The Bidet is Back. But for Many South Asians, It’s Been a Fixture.

Rooted in Hindu and Islamic traditions, using water to clean oneself after going to the bathroom has been a common practice in the East, but has only recently caught on in the West.

Sanchita Kedia

January 11, 2023

 The Bidet is Back. But for Many South Asians, It’s Been a Fixture.

When Augustine Kaitharath’s family immigrated to the U.K. in the 2000s, they had no choice but to start using plastic cups filled with water to rinse their behinds after pooping. Although Kaitharath loved using bum guns on annual trips to India, he refused the plastic mugs and instead joined the club of South Asians in the diaspora wiping with paper. But when his family installed two bidets in their new home in 2021, Kaitharath gave the jet spray another go. He is unlikely to ever return to toilet paper.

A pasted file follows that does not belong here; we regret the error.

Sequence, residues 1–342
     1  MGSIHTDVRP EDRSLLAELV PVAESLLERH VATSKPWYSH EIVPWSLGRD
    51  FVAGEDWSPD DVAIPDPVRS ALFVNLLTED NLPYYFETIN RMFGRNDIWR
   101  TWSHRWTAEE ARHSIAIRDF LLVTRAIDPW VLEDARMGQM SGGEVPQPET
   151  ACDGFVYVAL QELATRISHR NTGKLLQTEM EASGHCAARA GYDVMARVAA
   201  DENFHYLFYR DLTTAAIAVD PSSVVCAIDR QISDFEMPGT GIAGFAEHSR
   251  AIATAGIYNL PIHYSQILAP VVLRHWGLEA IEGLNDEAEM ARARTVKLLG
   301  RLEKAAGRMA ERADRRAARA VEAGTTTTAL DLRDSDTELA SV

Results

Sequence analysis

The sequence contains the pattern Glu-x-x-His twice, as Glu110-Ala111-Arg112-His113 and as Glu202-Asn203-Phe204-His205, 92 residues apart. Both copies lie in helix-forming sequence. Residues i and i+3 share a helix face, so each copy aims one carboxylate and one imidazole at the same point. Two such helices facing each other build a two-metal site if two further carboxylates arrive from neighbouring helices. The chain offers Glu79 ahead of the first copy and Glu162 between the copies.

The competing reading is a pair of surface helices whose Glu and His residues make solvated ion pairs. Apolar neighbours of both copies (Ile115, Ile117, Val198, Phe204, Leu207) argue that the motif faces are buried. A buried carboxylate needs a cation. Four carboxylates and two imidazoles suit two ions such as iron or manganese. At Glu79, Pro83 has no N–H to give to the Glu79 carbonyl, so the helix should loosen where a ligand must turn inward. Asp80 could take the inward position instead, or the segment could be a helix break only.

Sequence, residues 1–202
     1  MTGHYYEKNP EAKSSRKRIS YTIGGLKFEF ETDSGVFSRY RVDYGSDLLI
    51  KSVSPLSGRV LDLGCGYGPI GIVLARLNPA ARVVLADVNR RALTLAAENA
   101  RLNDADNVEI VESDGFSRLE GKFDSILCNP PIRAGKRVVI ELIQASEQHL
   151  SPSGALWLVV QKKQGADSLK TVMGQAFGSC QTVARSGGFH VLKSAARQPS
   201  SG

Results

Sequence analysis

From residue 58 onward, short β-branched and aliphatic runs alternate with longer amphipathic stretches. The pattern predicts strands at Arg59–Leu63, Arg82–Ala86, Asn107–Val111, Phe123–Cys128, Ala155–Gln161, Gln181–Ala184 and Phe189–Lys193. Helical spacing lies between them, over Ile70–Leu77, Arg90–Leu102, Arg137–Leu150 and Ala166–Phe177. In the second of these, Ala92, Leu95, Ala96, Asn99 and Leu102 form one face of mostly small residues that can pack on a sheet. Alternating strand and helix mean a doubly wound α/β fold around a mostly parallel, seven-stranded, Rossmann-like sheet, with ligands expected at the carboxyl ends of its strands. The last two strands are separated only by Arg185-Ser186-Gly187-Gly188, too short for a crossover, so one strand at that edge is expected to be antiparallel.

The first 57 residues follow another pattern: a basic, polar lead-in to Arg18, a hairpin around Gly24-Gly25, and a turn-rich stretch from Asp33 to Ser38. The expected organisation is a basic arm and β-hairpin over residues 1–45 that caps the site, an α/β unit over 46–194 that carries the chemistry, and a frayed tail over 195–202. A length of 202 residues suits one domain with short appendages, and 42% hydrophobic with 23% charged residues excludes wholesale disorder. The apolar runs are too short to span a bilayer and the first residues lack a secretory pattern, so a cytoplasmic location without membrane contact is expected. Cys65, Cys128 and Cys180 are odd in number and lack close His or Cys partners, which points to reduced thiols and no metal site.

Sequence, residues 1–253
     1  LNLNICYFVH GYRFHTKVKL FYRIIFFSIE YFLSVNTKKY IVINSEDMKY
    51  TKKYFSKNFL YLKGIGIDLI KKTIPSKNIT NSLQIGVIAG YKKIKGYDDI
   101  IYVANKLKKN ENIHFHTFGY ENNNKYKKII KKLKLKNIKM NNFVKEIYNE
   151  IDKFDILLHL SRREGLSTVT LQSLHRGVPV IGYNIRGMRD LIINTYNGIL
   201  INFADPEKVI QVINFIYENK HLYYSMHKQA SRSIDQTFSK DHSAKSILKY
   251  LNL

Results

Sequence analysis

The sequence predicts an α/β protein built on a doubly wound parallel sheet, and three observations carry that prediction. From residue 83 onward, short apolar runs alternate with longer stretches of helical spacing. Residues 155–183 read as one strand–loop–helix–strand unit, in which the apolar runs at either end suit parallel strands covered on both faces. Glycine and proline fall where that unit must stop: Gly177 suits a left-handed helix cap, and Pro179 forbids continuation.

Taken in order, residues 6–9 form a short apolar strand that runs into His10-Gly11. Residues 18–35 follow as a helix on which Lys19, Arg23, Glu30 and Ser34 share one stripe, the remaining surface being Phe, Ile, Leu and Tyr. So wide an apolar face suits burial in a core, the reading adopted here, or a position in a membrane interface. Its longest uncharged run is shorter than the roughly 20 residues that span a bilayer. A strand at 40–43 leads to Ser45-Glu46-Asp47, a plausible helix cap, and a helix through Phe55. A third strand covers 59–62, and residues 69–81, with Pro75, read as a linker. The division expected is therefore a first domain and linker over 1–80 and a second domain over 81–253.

The bidet is the dominant form of cleaning oneself after using the toilet. About 80% of the world uses some form of the bidet, including all of South Asia. In contrast, in 2022, only 12% of Americans had access to bidets and 71% have never used one. Recently, though, that seems to be changing. The bidet is back, marketing campaigns are declaring, as if it is a newfound discovery. But, for many South Asians, it has usually been the norm or, at least, a familiar practice that they may have been forced to abandon.